Eighteen Again: Episode 7
As our wayward husband and father adjusts to his new normal, he’s making an effort to be there for his family however he can. He has to be more creative, but he’s finding that the situation allows him to get close to his loved ones in ways he never could before. But it’s not easy to keep his secret, and sooner or later, they’re going to learn that he’s not who he says he is.
EPISODE 7: “Someone who gives courage to me”
After the media reveals that he’s a father, baseball player Ji-hoon comes home after a long day to learn that reporters ambushed his young daughter, Seo-yeon, at her bus stop after school. Her nanny says that Seo-yeon was very shocked, and she’s worried that it will keep happening.
All the messages on Ji-hoon’s phone are from reporters, or people he knows who are making this all about them (“I feel so betrayed by you!”). Only one message, from Da-jung, expresses concern and support for him and Seo-yeon.
Meanwhile, Ae-rin overhears Duk-jin and Dae-young in a coffee shop, Duk-jin loudly calling Dae-young by his real name. Surprised and flustered, Dae-young can’t even deny his real identity. Ae-rin starts to tell Da-jung that “Woo-young” is really her ex-husband, but Ji-hoon has asked Da-jung to meet up so she says she has to go.
Dae-young and Duk-jin make a belated effort to convince Ae-rin that she heard wrong, but she’s not having it. She proves it by calling Dae-young’s number from her phone and seeing his phone ring, so the guys accept that she knows. Dae-young asks her not to tell Da-jung, but all Ae-rin can think of are all the clues that this kid really is the ajusshi she hates, and she vows to punish him.
Da-jung and Ji-hoon sit in the park, and he explains how Seo-yeon got lost looking for her mother. Da-jung asks how long he’s been raising her, and he says two years, ever since he adopted her. She’s actually his older brother’s child, and Ji-hoon settles in to tell Da-jung the whole story.
His brother (cameo by Im Ji-kyu) had raised Ji-hoon after their parents died, all while working three jobs and going to college. When Ji-hoon was in high school, Hyung’s girlfriend had gotten sick of Ji-hoon always coming first and had broken up with him. Later, on the day he was drafted to the Seum Wolves, he’d come home to find Hyung caring for a baby girl — her mother had abandoned her.
A few years later, Ji-hoon was in America for training when his brother was killed in a car accident. Ji-hoon had come home, and despite his deep grief, he had decided to be a father to Seo-yeon the same way Hyung had been a father to him. Da-jung says that’s amazing, but Ji-hoon doesn’t feel like he’s been a good father, and now the media storm is making him feel even worse.
He confesses that he’s considering retirement, but he admits that he may regret it. Da-jung asks him to imagine how Seo-yeon will feel when she’s older and learns he gave up his career because of her, as if she’s a burden. She tells Ji-hoon not to retire if he’ll regret it, because happy parents raise happy children.
She says that she’ll be his fan forever, so that he’s always got a fan no matter what others say. Ji-hoon recalls his brother saying something similar: “Don’t let people who don’t know you, get to you. To me, Ji-hoon, you’re the greatest baseball player, and no matter what, I will forever be your fan.”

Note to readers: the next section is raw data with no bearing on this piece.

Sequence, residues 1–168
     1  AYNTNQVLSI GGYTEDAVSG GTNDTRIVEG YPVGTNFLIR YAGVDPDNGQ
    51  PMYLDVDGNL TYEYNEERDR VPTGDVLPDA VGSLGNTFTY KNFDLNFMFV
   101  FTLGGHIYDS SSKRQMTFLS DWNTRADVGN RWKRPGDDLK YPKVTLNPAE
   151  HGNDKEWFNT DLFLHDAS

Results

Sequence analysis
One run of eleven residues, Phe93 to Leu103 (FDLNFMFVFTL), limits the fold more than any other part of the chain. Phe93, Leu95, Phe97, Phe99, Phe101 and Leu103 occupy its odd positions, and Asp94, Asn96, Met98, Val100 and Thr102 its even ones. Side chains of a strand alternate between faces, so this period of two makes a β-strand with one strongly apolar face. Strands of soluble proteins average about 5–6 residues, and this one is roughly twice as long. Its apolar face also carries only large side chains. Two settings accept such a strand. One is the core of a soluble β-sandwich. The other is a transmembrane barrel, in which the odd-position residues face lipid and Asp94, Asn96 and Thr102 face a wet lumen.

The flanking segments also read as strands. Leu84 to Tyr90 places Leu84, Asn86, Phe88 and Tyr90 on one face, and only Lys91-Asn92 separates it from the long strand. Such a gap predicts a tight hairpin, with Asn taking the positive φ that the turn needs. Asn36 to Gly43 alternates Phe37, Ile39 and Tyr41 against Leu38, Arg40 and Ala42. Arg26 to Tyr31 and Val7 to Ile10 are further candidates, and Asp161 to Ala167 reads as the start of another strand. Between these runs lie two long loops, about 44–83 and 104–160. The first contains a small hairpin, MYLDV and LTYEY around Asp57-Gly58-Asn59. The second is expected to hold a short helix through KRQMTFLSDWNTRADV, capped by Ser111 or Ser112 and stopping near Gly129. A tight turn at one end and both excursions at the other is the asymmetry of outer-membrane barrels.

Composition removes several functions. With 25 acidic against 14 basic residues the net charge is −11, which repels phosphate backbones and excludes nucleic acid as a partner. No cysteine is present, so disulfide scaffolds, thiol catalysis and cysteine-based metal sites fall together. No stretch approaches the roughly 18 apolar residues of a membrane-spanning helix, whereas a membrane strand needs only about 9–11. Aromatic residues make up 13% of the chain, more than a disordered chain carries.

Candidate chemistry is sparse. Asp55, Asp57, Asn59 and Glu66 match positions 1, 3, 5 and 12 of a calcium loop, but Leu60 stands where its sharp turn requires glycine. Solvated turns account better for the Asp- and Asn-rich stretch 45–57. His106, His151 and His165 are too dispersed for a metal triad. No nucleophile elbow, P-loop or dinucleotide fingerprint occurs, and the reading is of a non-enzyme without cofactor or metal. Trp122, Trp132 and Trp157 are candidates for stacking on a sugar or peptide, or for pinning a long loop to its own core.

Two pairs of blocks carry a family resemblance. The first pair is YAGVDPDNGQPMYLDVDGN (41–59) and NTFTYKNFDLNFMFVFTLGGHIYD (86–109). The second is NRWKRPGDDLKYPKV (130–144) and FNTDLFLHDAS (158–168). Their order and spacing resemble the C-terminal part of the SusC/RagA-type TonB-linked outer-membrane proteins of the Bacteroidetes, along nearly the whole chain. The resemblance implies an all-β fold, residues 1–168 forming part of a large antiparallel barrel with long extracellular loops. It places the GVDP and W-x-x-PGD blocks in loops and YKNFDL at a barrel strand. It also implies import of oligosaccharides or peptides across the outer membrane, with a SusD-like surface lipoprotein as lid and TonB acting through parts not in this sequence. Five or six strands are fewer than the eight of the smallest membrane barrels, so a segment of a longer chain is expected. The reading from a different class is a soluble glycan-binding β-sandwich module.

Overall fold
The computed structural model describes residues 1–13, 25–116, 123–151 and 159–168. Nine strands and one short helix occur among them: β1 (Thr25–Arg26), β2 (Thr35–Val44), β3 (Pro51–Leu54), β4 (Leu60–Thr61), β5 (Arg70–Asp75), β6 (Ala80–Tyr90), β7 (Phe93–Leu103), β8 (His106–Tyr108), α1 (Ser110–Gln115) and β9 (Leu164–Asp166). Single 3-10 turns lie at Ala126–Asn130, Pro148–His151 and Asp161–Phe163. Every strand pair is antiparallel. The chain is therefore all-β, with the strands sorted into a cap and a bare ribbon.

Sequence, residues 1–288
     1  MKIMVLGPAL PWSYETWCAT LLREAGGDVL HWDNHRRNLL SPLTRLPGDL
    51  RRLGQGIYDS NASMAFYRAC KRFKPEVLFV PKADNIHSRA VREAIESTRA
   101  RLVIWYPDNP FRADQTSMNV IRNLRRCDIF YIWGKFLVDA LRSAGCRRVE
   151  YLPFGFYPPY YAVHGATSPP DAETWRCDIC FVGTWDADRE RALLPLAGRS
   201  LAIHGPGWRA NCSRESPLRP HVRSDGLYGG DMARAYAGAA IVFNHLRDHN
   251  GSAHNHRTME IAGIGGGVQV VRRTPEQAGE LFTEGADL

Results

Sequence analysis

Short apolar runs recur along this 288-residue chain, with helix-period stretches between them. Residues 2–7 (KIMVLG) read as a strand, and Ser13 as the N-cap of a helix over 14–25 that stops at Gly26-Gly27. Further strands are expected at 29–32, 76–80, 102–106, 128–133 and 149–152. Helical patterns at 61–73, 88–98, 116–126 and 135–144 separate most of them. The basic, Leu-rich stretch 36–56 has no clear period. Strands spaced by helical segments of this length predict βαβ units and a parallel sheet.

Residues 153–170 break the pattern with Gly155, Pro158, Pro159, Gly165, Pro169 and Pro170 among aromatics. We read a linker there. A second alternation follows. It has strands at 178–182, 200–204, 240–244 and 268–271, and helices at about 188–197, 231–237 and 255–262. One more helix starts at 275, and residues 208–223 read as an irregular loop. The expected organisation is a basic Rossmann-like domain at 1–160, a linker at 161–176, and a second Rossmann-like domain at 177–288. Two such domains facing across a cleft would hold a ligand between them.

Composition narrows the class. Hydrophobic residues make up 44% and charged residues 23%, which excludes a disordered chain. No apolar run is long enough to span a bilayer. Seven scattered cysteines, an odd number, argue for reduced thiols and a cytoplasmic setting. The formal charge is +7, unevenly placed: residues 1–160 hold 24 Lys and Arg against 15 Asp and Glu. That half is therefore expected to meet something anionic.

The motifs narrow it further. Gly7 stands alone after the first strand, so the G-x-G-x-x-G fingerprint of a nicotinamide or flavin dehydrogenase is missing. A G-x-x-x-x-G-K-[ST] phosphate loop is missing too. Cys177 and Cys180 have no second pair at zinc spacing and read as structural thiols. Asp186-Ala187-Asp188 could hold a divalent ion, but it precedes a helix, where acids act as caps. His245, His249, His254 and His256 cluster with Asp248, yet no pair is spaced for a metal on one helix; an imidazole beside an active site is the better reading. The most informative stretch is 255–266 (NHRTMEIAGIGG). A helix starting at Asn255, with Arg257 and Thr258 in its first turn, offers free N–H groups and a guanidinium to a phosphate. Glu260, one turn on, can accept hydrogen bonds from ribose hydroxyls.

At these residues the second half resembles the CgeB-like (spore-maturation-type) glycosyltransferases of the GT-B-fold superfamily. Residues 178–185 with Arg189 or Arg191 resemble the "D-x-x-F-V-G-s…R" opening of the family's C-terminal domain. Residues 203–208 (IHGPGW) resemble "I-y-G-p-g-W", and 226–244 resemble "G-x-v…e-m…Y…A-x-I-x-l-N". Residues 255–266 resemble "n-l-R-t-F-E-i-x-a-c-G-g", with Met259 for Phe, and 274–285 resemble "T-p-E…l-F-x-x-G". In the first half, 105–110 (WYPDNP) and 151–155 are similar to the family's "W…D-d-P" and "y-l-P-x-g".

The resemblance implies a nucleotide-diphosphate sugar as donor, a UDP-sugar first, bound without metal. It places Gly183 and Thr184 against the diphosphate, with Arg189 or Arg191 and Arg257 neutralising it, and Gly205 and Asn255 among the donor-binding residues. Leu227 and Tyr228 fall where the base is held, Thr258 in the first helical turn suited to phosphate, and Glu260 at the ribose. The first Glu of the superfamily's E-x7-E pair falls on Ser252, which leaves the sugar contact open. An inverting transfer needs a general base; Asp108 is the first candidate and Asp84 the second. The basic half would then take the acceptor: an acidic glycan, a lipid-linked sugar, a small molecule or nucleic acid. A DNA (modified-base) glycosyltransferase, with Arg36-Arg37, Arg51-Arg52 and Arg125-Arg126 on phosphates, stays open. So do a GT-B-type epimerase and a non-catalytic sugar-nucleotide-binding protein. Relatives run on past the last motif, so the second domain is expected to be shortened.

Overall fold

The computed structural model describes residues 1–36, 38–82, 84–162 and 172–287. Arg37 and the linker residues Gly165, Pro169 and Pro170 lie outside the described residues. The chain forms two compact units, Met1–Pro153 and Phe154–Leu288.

Il-kwon is working at the bar, and he fusses at the bartender when he accidentally calls him “teacher,” because he doesn’t want anyone to know. Ae-rin happens to be there, and she stumbles over to slur drunkenly that she didn’t realize he owned the place.
Il-kwon denies it and notes how much she’s had to drink, and she says that it’s Hong Dae-young’s fault. She says he’s fooling people, even Il-kwon, and when Il-kwon says that he hasn’t seen Dae-young in years, Ae-rin bellows, “You saw him. Go Woo-young. Go Woo-young is Hong Dae-young. Hong Dae-young is Go Woo-young!”
Ji-hoon asks Da-jung for parenting advice, like how to play with Seo-yeon. She tells him to do something active, such as telling her she’ll get a wish if she catches a cherry blossom petal then just letting her run around chasing them. Ji-hoon reaches out and snatches a petal from the air (his expression is so cute!), and he makes a secret wish.
Some passersby recognize him and whisper assumptions that he and Da-jung are dating. Ji-hoon notices Da-jung’s discomfort so he puts his hat on her, then stands between her and the gogglers until they walk away. He’s acutely aware of their hands entwined behind his back as they wait.
The next morning, Dae-young waits for Ae-rin outside her office building to ask her again not to tell Da-jung his true identity. She asks why not, since she’s Da-jung’s friend and not his, but Dae-young says that he’s asking for Da-jung’s sake. Ae-rin snaps that he should have done better before their divorce.
Dae-young appears as his older self as he explains, “I should have, but I finally realized it. I said that I was busy all the time so that I could come home late, and was always drunk at home, with the excuse that I’m tired. I missed it all, the times my family really needed me. I’m trying to be good now. I stopped drinking, too. But if she finds out that I’m Hong Dae-young, Da-jung will feel uncomfortable.”
Ae-rin agrees to think about it, but no more than that. Duk-jin follows her into the elevator and mentions how Shi-woo isn’t confident of his basketball skills, so he told his father that he wasn’t interested. He says that Dae-young has been posing as a friend to practice with Shi-woo, and they’re even going to try out for the school team.
He asks Ae-rin to understand Dae-young’s reasons for lying, and she grumpily agrees. But in her office, she recalls how she’s been mooning over the handsome young man, unaware that he’s really Dae-young. She calls Da-jung and asks her to meet up tonight to talk.
In the morning, Shi-ah runs late to school again and gets locked out of the gate. Bully Ja-sung purposely lingers in order to run punishment laps with her (OMG his smile! Who knew he was so adorable?), and he even offers to carry her bag. She refuses, but Ji-ho swoops in and just takes it from her, and awww, look at the baby love triangle! Ja-sung cheekily tosses his bag to Ji-ho, who just throws it on the ground, ha.